Students applying for loans from the Students’ Loan Bureau (SLB) for the upcoming academic year will not be required to pay application and processing fees to the lending agency.
Finance and the Public Service Minister Dr Nigel Clarke made the announcement last evening during the debate on the first supplementary estimates for the 2020/21 fiscal year in the Lower House of Parliament last evening.
The Minister said “The Government of Jamaica’s (GOJ’s) commitment to ensuring that tertiary education remains affordable and accessible to all Jamaicans, remains stronger than ever.” Dr. Clarke emphasized that it is especially important, given the COVID-19 pandemic and the associated global and domestic economic shock, that appropriate steps are taken by the GOJ to facilitate access to funding for tertiary education.
“I want to take the opportunity to remind all respective Student Loan applicants that notwithstanding the challenges posed by COVID-19, the Students’ Loan Bureau remains open for business,” Clarke said.
“We want our students to be able to access and to continue their education,” the finance minister added. Also read how to make it through university debt free!
This temporary measure is part of a suite of policy initiatives implemented by the GOJ, to make accessing loans from the SLB, and by extension obtaining a tertiary education, more feasible and attainable.
Minister Clarke, under whose Ministry the SLB falls, in March of this year announced and implemented reduced rates on student loans (rates are now as low as 5.8%), extended periods for payback to begin (increased from 6 to 14 months after graduation) while also providing for the forgiveness of student loans for those who work in the non-profit sector.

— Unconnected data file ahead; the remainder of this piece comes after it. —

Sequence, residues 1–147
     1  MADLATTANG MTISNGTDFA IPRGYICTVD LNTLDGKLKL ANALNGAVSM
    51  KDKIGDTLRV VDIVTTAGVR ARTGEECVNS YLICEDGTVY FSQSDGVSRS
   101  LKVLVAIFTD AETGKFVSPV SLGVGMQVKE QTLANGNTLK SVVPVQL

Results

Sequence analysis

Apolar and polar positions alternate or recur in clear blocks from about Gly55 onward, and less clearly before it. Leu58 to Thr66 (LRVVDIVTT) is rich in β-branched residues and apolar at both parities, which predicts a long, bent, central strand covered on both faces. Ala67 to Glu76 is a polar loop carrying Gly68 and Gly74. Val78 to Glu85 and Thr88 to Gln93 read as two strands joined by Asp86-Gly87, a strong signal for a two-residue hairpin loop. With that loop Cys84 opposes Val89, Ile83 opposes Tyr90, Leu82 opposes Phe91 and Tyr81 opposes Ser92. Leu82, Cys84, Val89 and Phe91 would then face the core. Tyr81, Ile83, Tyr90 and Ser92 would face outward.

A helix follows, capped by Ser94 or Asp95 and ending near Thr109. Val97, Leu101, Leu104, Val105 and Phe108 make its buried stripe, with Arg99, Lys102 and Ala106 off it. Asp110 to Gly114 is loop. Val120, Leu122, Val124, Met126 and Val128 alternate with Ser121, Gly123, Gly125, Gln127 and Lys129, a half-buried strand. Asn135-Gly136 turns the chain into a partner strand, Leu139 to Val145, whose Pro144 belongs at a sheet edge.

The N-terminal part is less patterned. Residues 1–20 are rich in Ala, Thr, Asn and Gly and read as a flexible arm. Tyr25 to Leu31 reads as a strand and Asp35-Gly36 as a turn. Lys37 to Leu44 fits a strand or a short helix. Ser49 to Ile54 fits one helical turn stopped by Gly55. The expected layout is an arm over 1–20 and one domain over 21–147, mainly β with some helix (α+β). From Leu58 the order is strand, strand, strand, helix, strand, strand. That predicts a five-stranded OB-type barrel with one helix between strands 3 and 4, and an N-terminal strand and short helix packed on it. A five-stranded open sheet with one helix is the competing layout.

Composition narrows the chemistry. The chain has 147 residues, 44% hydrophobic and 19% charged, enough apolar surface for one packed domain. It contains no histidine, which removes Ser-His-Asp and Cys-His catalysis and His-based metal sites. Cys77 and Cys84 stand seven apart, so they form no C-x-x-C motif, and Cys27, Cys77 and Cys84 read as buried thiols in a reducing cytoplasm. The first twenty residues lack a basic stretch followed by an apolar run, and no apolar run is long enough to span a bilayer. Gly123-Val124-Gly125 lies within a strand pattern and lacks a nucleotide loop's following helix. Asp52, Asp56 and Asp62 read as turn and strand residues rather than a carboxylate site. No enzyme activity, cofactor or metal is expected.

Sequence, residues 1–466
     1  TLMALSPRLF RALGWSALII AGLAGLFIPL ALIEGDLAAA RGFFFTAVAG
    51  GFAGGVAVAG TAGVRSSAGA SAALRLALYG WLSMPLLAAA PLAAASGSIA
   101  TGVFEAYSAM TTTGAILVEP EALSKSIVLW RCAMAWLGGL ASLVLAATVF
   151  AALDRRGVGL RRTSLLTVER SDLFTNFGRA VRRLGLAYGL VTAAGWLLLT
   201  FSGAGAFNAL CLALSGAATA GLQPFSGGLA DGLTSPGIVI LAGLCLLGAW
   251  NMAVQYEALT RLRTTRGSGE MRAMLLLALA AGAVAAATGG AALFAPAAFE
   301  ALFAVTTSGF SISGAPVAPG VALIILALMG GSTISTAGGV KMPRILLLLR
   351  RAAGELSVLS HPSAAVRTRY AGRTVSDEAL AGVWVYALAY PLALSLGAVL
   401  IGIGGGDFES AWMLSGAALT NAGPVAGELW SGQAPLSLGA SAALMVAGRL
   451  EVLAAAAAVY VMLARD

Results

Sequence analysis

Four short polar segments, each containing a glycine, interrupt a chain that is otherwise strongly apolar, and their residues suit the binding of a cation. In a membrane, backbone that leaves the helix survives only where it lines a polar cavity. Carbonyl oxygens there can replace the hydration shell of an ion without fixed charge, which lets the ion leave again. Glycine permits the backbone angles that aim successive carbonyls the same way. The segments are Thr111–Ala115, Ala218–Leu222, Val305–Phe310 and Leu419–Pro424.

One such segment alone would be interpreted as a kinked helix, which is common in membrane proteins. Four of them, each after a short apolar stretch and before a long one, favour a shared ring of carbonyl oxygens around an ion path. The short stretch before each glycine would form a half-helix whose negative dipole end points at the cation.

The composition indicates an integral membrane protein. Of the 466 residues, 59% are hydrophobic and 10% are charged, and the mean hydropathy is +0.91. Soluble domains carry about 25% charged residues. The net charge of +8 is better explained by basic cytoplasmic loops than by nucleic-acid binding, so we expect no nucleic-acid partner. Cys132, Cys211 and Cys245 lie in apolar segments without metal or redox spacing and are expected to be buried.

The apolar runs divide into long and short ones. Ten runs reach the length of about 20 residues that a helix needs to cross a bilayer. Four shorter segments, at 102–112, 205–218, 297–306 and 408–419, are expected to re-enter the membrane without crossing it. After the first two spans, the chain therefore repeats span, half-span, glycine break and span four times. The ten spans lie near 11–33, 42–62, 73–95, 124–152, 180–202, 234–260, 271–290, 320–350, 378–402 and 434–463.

Reduction in SLB’s Loan Applications
Earlier when the Standing Finance Committee was reviewing the revised budget, Clarke told his parliamentary colleagues that with the COVID-19 pandemic, fewer students have approached the SLB to access loans.
He said that applications for student loans have declined significantly.
This development is of concern to the bureau as it wants to ensure that the enrollment rate for tertiary studies in the society remains high, Clarke said.
He said that the SLB carried out an analysis of why applications had plunged and found that persons were not coming forward to apply because they did not have the resources to pay the costs associated with accessing the loans.
Data from the SLB shows that prior to COVID-19, some 99 per cent of applicants received loans. Also read make your scholarship application standout.
“The rejection rate is minuscule, almost non-existent, everybody virtually, but one per cent, who walks through the door and applies, gets through,” Clarke said.
Despite the deferral of $2.7 billion in allocation to the SLB in the budget this fiscal year, the lending agency still has enough resources to offer loans to students this year.
The SLB has $6.2 billion to meet demands this year.